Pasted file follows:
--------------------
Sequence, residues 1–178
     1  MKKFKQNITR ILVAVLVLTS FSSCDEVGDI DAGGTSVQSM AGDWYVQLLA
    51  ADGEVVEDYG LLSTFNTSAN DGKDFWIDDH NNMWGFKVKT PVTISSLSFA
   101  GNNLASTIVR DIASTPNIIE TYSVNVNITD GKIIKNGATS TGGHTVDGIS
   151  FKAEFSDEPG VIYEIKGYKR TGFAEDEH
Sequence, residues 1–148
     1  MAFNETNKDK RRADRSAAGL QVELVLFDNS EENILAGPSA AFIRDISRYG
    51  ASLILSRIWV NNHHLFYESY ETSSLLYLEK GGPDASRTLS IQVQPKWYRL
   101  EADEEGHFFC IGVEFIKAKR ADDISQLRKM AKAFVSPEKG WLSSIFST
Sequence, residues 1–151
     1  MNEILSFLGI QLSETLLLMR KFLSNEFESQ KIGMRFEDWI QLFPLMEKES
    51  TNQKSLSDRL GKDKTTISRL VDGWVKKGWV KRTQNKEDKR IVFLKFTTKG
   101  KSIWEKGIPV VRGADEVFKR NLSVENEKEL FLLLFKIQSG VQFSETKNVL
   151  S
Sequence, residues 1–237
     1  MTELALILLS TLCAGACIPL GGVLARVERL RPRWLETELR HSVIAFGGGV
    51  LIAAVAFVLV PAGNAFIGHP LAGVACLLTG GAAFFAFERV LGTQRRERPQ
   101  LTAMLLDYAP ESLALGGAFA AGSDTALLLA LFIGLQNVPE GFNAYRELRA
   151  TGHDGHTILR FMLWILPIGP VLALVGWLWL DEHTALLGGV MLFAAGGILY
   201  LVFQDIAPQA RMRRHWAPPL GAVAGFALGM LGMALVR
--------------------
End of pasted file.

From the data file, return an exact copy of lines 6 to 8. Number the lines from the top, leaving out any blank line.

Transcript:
Sequence, residues 1–148
     1  MAFNETNKDK RRADRSAAGL QVELVLFDNS EENILAGPSA AFIRDISRYG
    51  ASLILSRIWV NNHHLFYESY ETSSLLYLEK GGPDASRTLS IQVQPKWYRL